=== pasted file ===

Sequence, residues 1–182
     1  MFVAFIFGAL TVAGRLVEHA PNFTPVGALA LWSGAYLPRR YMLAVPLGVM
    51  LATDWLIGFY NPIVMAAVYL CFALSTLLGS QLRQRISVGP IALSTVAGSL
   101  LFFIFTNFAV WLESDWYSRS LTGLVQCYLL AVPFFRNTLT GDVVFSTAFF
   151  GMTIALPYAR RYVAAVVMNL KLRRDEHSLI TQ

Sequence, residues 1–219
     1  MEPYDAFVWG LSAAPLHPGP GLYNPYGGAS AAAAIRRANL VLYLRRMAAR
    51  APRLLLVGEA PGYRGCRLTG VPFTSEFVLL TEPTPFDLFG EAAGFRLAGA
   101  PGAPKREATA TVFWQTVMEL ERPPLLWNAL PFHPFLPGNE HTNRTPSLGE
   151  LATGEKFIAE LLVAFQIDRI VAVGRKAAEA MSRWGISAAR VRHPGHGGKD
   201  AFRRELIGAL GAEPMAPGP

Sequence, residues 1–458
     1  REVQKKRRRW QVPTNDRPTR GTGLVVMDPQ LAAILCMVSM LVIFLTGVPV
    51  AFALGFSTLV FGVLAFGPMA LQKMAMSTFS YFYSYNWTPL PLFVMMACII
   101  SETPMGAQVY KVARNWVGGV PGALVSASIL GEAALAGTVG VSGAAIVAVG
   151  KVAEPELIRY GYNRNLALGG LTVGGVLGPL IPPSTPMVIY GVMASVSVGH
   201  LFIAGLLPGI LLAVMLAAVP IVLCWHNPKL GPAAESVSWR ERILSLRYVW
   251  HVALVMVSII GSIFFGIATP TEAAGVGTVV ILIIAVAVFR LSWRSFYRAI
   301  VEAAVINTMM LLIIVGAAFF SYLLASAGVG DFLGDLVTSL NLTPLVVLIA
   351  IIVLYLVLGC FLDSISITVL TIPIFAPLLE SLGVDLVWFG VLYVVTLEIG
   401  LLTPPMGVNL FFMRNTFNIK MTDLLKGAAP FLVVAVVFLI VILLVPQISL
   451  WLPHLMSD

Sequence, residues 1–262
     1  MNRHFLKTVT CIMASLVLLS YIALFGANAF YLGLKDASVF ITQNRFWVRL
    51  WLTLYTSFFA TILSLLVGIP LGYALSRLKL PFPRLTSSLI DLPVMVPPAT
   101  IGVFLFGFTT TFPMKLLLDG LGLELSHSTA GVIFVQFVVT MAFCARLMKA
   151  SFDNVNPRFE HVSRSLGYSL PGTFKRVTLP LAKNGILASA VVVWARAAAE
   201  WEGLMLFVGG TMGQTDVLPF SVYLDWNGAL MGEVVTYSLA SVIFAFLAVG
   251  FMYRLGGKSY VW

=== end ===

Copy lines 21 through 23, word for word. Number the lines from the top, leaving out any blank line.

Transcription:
   401  LLTPPMGVNL FFMRNTFNIK MTDLLKGAAP FLVVAVVFLI VILLVPQISL
   451  WLPHLMSD

Sequence, residues 1–262